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on March 4, 2003
Shadow of the Storm is the third novel in the Fallen Cloud series, following The Spirit of Thunder. In the previous volume, George has lost a great deal of gold to a French trader, but finds another way to obtain weapons. He is severely wounded during the attack on Fort Assurance and Storm Arriving is also wounded while setting demolition charges on the railroad bridge over the Missouri. News of the bridge's destruction reaches Washington before the election, but is suppressed.
In this novel, George Armstrong Custer, Senior, wins re-election to his second term as President of the United States. Not everybody is pleased, to say the least, and trouble is brewing between the labor unionists and the industrialists. The common people, however, are mostly pleased at the prospect of free land made available with the Homestead Act, property in the lands of the Cheyenne Alliance.
In Little Italy, Cesare Uccido tries to protect his twin sister, Fortuna, from the hustlers and pimps, but is unsuccesful. In despair for the hard life of her family, Fortuna agrees to couple with a rich man for a golden coin, yet Cesare finds her with the man and tries to take her away, but the man attacks him and Cesare fights back, finally taking out all his rage on the man, killing him thoroughly. Afterward they flee, to find themselves with the man's clothes containing a large amount of cash and coin. With this money, the Uccido family flees to the frontier to stake out a homestead.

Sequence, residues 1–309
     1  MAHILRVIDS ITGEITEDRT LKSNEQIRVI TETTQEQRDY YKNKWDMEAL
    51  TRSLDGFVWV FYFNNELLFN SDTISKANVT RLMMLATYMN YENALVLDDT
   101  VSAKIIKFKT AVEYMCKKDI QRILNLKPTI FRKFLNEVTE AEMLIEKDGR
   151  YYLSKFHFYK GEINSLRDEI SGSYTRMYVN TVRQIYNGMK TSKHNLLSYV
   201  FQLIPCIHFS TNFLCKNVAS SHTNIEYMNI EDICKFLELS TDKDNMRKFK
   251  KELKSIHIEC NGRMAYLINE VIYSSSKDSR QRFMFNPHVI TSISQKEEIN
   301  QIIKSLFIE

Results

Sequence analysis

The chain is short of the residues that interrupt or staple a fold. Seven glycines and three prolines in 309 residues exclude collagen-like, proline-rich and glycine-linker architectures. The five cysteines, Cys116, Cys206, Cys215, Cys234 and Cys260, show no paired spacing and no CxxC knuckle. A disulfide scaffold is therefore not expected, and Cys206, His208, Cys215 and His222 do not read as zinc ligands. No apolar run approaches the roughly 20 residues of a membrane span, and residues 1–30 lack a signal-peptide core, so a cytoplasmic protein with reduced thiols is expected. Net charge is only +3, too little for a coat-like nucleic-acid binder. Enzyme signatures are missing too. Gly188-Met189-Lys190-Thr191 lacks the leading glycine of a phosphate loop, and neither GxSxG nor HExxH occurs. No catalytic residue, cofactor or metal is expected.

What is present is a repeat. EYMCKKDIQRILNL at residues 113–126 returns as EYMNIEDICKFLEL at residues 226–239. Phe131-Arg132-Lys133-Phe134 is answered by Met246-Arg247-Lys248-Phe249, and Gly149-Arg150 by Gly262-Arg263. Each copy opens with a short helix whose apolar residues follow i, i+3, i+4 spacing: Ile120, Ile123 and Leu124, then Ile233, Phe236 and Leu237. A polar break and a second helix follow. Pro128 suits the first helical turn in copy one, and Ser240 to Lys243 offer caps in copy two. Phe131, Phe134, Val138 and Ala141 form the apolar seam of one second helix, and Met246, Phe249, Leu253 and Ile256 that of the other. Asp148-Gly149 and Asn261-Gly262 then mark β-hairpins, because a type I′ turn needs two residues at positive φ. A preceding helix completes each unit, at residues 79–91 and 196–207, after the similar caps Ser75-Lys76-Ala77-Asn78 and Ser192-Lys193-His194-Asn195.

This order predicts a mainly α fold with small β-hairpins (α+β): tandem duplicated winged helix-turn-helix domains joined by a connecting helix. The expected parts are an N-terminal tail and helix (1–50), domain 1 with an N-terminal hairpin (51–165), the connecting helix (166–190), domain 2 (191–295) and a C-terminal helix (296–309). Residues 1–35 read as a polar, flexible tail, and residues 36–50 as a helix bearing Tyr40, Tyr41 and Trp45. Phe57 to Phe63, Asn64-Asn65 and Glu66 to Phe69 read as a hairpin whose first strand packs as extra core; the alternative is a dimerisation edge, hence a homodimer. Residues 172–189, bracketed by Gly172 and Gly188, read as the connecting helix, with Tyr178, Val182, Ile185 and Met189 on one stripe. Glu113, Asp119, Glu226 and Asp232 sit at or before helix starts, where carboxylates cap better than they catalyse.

Back in New York, the new Ambassador from New Spain takes on his duties after the degraded death of his predecessor in a house of ill-repute. On his introductory visit to the White House, he overhears the President disparaging the Spanish government and leaves angrily. Since the Ambassador has a prior hatred for Custer, he looks for a way to pay back the President for his misdeeds.
Among the Cheyenne, George Armstong Custer, Junior, called One Who Flies by his Cheyenne family, is still trying to stop the slaughter of his adopted people. He is still weak from his wounds, but agrees to leave early with Mouse Roads and Picking Bones Woman to join Storm Arriving and Speaks While Leaving for the birth of their baby. One Who Flies is happy to travel early since he wants to ask Storm Arriving for permission to court Mouse Roads. Before he can be answered, the death of Picking Bones Woman causes the family to leave for the deathgrounds on the shore of the Big Salty, the Nebraska Sea.
All these elements converge on Washington for a major confrontation between the US and the Cheyenne.
This novel is well written and enjoyable, not only for the plot, but for the details on the lives of the Cheyenne people. The twists and turns of the plot are frustrating to the reader as well as the main character, but are necessary to sustain the story. After all, a peaceful life is boring to most readers, yet most of the really good sections were just everyday life among the Cheyenne.
Recommended for Giambastiani fans and anyone who enjoys tales of exotic people and international intrigue in a fantasy setting.